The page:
Sherwood Park scrappers train for the UFC

Teddy Ash and Tanner Boser are two professional mixed martial arts fighters preparing for matches in the UFC. Both fighters train at Little Sweatshop gym in Sherwood Park.

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Two local fighters are putting in time at the gym and training hard as they prepare for their upcoming professional bouts in the UFC octagon.

Teddy Ashe and Tanner Boser are two mixed martial arts fighters preparing for upcoming battle in the Ultimate Fighting Championships. Both competitors train vigorously and regularly at Little Sweatshop Gym in Sherwood Park. Boser will be fighting in the heavyweight class versus Daniel Spitz on October 19 in Boston, Massachusetts. This fight will be Boser’s debut in the UFC. His previously scheduled debut fight at UFC 270 was cancelled when his opponent tested positive for steroids.

“I’m excited for the fight,” said Boser “It’s still a bit away, I’m excited but I’ll probably be nervous later. I think it’s a good matchup for me. I’m looking forward to finally making my UFC debut.”

Tanner Boser will be fighting in the heavyweight class versus Daniel Spitz on October 19 in Boston, Massachusetts. This fight will be Boser’s debut in the UFC. His previously scheduled debut fight at UFC 270 was cancelled when his opponent tested positive for steroids. James Bonnell/News Staff

Boser first became interested in martial arts when he started taking karate classes as a kid. As he got older he began watching and following the UFC. He eventually began training mixed martial arts and working his way towards joining the UFC. Boser had his first professional fight at age 21. He has since had 22 professional fights with a record of 16-5-1.

Tanner “The Bulldozer” Boser weighs in at 250 pounds. His opponent on October 19, Daniel Spitz, has a professional record of 8-2-0.

“I got to watch some his fights in the UFC,” said Boser. “I know he’s 6 foot 7 with good range. He’s lanky and good at Jiu Jitsu but I think there are definitely some weaknesses I can exploit.”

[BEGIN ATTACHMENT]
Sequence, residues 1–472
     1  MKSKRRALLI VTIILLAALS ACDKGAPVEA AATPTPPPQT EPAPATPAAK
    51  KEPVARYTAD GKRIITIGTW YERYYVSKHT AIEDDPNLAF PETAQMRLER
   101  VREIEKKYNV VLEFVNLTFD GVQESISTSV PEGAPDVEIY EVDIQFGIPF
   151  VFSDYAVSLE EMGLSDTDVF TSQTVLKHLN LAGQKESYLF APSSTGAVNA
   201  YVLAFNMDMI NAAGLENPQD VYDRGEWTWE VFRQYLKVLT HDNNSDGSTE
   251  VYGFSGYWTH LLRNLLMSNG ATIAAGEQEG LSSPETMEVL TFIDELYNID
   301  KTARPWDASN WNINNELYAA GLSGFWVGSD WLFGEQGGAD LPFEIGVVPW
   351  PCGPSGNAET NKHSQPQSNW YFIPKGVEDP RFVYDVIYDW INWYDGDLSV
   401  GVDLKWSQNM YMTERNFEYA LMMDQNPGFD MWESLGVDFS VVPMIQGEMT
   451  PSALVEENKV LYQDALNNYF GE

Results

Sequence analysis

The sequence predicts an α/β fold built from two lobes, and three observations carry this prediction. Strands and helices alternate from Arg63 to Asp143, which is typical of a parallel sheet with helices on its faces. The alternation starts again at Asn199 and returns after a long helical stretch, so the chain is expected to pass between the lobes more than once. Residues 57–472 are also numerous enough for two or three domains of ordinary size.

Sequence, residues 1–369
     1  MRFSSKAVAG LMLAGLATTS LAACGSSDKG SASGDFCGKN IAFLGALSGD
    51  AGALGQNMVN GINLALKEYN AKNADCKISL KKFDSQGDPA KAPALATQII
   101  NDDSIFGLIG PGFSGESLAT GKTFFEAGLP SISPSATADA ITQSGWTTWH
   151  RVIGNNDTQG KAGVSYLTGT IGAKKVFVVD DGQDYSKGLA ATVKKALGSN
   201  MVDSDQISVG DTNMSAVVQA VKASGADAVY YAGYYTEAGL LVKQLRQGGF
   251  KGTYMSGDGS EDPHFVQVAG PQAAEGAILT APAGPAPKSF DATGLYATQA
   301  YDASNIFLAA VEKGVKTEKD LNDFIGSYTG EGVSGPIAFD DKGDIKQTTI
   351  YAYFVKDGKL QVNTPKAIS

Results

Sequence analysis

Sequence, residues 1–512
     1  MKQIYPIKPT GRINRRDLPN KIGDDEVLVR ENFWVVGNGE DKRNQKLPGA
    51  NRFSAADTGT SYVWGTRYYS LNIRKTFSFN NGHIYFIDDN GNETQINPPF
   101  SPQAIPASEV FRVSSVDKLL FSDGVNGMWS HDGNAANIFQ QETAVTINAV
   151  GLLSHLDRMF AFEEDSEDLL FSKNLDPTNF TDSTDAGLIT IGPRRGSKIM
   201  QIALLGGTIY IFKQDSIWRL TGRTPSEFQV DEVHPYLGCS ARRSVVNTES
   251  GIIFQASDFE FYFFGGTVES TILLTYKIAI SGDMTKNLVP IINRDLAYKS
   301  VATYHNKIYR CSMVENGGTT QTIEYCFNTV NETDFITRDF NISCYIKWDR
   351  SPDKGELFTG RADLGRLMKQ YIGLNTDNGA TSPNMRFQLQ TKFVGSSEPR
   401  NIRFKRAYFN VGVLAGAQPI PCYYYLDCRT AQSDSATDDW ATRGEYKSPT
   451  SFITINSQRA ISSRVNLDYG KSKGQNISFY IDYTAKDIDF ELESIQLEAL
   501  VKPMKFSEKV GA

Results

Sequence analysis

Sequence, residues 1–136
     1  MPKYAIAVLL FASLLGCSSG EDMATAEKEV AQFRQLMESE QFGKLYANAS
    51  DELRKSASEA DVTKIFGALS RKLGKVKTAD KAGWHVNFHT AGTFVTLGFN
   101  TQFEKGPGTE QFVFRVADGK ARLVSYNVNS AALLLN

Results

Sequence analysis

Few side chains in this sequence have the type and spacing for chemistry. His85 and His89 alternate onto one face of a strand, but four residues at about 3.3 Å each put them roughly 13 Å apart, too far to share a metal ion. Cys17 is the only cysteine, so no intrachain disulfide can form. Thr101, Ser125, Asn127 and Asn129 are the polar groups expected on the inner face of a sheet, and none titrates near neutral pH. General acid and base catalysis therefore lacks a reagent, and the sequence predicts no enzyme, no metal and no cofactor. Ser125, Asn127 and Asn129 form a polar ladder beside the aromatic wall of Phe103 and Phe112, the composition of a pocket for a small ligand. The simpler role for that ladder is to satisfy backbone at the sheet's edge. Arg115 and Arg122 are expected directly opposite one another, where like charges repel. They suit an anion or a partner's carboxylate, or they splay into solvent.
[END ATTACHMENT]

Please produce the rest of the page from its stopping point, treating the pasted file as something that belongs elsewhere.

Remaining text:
Ash will be fighting in the light heavyweight class August 27 against Dusko Todorovic in Las Vegas, Nevada as part of the Contender Series 2019.

“I’ve watched a view of Todoriovic’s fights,” said Ash. “He’s got a wicked resume, an undefeated resume against good opponents. He’s a great striker, well rounded with a good ground game, but I’ll be prepared for all of it.”

Teddy Ash will be fighting in the light heavyweight class August 27 against Dusko Todorovic in Las Vegas, Nevada as part of the Contender Series 2019. Ash has had 18 professional fights with a record of 14 wins and 4 losses.Photo by James Bonnell

Ash had his first amateur fight in 2012. He fought for a year on the amateur circuit before going pro in 2013. He has since had 18 professional fights with a record of 14 wins and 4 losses.

Preparing for a professional fight requires a strict and dedicated training regiment. Athletes like Ash and Boser often log as many hours in the gym as they would with a regular work schedule.

“I’ve been fighting every two to three months for the last couple years, said Ash. “We train two to three times a day. Striking just about every day. We have our MMA practices, wrestling practices, and strength and conditioning practices. We’ve got a pretty legit schedule all set up and a pretty structured way of training.”

Ash described his fighting style as predominantly striking, he is a hard-nosed heavy hitter.

In high school, Ash was dedicated to playing football. He first started taking mixed martial arts classes during the football offseason to stay in shape.

“I was doing kickboxing and Jiu Jitsu classes while I was in the offseason,” he said. “I was super intrigued by the sport at the time. It was blowing up. I wanted to give it a try. I love contact sports. It kept me in shape for football. When I was done playing football I took my first amateur fight and that was it. I’ve been fighting ever since.”

Professional fighters spend months or even years preparing for their fights. In order to be successful in the octagon athletes need to be prepared both physically and mentally. The mental toughness required for a professional fight also helps the athletes outside of the sport.

“I love the discipline of the sport,” added Ash. “Theres a lot of life lessons to be learned in the gym. It teaches you a lot about outside the gym. How to control your emotions and keep your composure. I love the camaraderie between your teammates and your coaches and the way you guys look out for each other and help each other. There’s a lot more to it than just fighting in a cage.”

 

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